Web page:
aśhraddhayā hutaṁ dattaṁ tapas taptaṁ kṛitaṁ cha yat
asad ity uchyate pārtha na cha tat pretya no iha
O Partha, whatever acts of sacrifice, charity or penance are performed devoid of faith and devotion, are termed as Asat. They are useless both in this world and the next.
(Chapter 17, verse 28)
The importance of faith
Sacrifice, charity, and austerity are the very foundation of any religious pursuit. Lord Krishna instructs Arjun that mere performance of these in whatever manner does not bring any merit. It is imperative that these be done with utmost attention and faith (śraddhā) if the doer desires deliverance from the cosmic cycles. Thus any action, any sacrifice, penance or charity performed without faith becomes Asat, a worthless action. It will not yield any desirous result here, or hereafter.
Faith is the kernel, which is the essence of all spiritual pursuits; and all the physical activities and instruments that facilitate them are the mere shell. Here, Krishna emphasises another important requirement. The faith must be sattvik (virtuous), without any conditions. This can be achieved by making the mind pure and sublime. Rituals, ceremonies, and other external processes do not yield the bliss and equilibrium that righteous faith does. In fact, over-emphasis on these externalities robs the spiritual quest of its purity and purpose.
The wisdom of this verse is as relevant in the contemporary world today as it was in the Dwapar Yug. In our daily life, we often see instances of those who put their entire heart and soul into their actions, as against those who merely go through the motions.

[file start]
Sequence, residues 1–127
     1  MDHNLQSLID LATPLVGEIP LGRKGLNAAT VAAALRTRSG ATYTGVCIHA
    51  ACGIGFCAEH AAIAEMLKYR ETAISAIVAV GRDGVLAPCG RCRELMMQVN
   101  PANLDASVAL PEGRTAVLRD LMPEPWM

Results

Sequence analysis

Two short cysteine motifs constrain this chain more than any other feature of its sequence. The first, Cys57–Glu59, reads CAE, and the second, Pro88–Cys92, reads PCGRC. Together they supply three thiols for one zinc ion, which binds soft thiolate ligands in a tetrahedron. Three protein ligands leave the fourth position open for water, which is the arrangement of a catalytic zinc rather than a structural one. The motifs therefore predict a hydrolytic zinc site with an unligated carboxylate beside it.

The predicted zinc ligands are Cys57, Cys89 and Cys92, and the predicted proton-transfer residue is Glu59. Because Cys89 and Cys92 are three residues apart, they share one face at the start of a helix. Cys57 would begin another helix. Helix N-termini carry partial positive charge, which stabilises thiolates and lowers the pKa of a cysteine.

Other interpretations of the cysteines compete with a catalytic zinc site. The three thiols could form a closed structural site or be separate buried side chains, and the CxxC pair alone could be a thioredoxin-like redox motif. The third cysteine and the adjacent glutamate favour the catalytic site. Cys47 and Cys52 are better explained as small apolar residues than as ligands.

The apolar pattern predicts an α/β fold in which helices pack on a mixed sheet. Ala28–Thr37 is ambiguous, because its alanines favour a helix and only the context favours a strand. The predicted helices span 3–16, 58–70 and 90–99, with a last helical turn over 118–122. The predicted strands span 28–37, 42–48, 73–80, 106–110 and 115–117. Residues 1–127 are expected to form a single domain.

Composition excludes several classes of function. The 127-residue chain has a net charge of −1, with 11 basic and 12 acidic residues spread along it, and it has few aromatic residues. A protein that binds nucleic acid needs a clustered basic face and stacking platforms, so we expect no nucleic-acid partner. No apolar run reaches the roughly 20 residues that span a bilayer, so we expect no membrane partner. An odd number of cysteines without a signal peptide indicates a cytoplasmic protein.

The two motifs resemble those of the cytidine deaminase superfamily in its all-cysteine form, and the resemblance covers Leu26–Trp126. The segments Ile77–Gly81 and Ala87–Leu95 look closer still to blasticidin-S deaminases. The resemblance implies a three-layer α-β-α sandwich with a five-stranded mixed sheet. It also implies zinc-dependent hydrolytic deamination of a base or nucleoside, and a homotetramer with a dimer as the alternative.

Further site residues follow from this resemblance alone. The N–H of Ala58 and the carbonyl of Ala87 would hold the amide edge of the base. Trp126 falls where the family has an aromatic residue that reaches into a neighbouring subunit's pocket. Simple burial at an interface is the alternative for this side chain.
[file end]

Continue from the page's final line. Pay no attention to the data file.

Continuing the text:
Whose spiritual pursuit is more meaningful—the one who prays with inadequate resources but with his/her entire being infused with uplifting faith or a person who follows the ritualistic guidelines to the T but with his/her heart in the procedures and not in true devotion?
Worship and prayers are only a part of our spiritual quest. We also seek the divine through charity and penance. When we give selflessly, without even expecting gratitude, and give to a worthy person or a worthy cause—such charity bears fruits. But if we give with pride, demand gratefulness from the recipient, and grant our charity on unworthy causes, it would be useless. It is better to feed a homeless animal than to donate to a prosperous but greedy priest. India donated free Covid vaccines to needy countries in Asia and Africa but trillion dollar international pharmaceutical giants are fleecing governments for supplying the vaccines.
Among those who observe fasts to please deities, some do so with extreme focus on exact rituals and customs while others focus more on purity of mind and soul. The former give up food with regret; the latter with joy.
And this is true for all our efforts, whether related to our profession or family or social connections—anything done without devotion and purity of heart and soul is not likely to bear fruit, either in this world, or the next.
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